Conflicts & War

Bolivian coca growers affected by parallel market burning demand justice

La Paz, Sep 12 (EFE).- Producers sold coca leaves on Monday at the door of La Paz’s so-called parallel market, which was destroyed last week, demanding that the Bolivian government declare their property as the “only” one legal for this activity, and announced marches to demand justice.

On Monday morning, coca growers from the Arnold Alanes bloc arrived at the parallel market in the Villa El Carmen neighborhood in northern La Paz. The market was violently taken over last week by thousands of coca growers who came from the Los Yungas area, led by the leader of the Departmental Association of Coca Producers (Adepcoca), Freddy Machicado.

While the facilities have been sealed off for investigation, through a video broadcast on social media networks Alanes urged supporters to sell their products outside the market.

Some posters hanging on the walls of the burned building refer to requests for justice for the damage and ask for jail for Machicado.

“They have shown that they have come to assault our heritage,” Armin Aliaga, secretary of the Alanes bloc, told EFE.

Meanwhile, in the traditional Adepcoca market, located in the Villa Fátima neighborhood, also north of La Paz, the coca growers commercialized the coca leaf as usual.

Alanes announced Monday at a press conference that in the face of the “humiliations” experienced last week they will hold an assembly and a “peaceful” march from Villa El Carmen to the offices of the Ministry of Rural Development and Lands.

“All the partners are going to be leading our assembly, a peaceful march seeking justice and stability in the commercialization of the coca leaf,” said Alanes.

The march is announced for Sep. 19 in which they will ask President Luis Arce’s government to authorize the operation of the parallel market and that justice be done over attacks on its infrastructure.

Vice Minister of Communication Gabriela Alcón indicated that Machicado’s people tried to threaten the lives of the other coca leaf producers and that “criminal and delinquent” images have been seen of how they took over the properties last week.

“Dialogue happens not because of threats, but because of a predisposition to sit down and listen and come up with solutions – that is what the country wants,” Alcón stressed.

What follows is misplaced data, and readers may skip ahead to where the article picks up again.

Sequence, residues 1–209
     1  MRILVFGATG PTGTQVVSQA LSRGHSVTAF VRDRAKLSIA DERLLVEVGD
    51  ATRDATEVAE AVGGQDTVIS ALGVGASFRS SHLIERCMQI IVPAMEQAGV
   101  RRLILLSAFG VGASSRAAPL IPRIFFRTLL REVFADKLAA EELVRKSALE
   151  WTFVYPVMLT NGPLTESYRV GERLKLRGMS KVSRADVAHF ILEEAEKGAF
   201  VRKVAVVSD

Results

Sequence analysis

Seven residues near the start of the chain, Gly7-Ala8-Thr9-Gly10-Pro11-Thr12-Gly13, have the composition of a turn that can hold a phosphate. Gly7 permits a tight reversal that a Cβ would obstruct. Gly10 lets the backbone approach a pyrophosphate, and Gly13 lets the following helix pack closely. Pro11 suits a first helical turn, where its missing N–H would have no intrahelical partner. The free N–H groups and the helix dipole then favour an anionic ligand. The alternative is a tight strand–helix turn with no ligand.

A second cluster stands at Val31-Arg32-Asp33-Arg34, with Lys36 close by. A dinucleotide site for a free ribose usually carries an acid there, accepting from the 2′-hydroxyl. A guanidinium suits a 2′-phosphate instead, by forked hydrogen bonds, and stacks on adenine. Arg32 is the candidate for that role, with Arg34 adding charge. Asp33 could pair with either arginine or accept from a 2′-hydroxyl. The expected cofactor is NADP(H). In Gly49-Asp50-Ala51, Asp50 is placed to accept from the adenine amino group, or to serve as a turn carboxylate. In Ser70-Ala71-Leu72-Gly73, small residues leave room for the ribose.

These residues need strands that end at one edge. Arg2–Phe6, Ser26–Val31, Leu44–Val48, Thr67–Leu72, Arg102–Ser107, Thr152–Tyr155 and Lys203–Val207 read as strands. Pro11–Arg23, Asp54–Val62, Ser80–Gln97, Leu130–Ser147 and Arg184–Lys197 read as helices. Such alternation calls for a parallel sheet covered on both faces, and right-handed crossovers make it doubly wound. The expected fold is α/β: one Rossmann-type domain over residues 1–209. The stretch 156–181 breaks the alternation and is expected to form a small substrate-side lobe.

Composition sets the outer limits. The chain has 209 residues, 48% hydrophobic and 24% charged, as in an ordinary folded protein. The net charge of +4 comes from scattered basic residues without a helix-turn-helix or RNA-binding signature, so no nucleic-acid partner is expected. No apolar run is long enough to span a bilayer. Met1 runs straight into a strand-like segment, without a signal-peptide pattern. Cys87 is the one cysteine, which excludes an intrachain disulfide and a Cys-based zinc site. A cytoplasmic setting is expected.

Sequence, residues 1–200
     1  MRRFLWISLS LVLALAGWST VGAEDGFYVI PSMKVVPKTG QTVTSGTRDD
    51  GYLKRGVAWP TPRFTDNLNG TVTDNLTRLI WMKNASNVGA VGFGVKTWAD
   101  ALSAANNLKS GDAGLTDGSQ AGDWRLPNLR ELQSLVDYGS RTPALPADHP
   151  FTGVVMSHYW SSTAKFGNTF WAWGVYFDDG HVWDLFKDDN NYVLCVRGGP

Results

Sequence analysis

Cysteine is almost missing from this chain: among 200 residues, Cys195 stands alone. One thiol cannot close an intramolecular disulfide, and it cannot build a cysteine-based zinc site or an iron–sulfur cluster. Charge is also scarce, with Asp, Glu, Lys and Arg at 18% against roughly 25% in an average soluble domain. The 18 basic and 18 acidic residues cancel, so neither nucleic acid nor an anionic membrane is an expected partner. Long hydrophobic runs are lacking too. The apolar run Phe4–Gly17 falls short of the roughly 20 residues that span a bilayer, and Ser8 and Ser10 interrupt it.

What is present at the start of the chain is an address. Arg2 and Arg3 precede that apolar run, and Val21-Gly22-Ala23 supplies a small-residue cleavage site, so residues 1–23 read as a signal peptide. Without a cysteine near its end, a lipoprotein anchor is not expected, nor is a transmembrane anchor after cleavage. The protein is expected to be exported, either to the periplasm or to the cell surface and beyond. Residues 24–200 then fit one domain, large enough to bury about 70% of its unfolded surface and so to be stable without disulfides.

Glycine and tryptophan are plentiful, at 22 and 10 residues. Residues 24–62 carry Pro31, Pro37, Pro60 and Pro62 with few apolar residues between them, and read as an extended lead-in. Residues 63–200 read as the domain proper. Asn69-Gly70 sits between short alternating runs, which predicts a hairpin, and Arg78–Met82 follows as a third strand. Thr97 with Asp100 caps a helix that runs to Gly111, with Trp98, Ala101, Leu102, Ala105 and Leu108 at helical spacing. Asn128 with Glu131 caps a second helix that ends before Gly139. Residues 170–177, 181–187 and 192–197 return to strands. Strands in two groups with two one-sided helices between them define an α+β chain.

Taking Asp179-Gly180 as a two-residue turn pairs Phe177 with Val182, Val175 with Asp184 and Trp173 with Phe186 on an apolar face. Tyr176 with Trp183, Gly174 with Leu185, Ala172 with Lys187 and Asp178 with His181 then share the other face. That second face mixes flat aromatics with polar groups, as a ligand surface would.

Meanwhile, the ruling deputy Gladys Quispe said that coca growers are “afraid” of reaching the Adepcoca market due to the situation and that 70 percent of the growers did not participate in the Machicado protests.

The Adepcoca conflict has been dragging on since September last year when a group elected Alanes leader of the organization, and who later received recognition from the government.

After several days of protests, the opposing bloc, which claims to be the majority, expelled Alanes from the Adepcoca headquarters. A few days later he opened the parallel market near the traditional market, which again unleashed the protests that led to the burning of the building and without a view to dialogue between the parties.

Before the violent takeover, thousands of producers led by Machicado traveled more than 116 kilometers for five days to demand the closure of that business. They then marched to the seat of government to leave a petition and ask Arce for a direct meeting with them and for the Villa Fátima market to be declared the only coca leaf market in La Paz.

Meanwhile, the residents of the neighborhood took to the streets again Monday to demand that the coca growers leave the area to avoid more violence and destruction.

Bolivian law recognizes two legal markets for the sale of coca leaves: one in Sacaba, in the department of Cochabamba, and another in Villa Fátima, in La Paz. EFE


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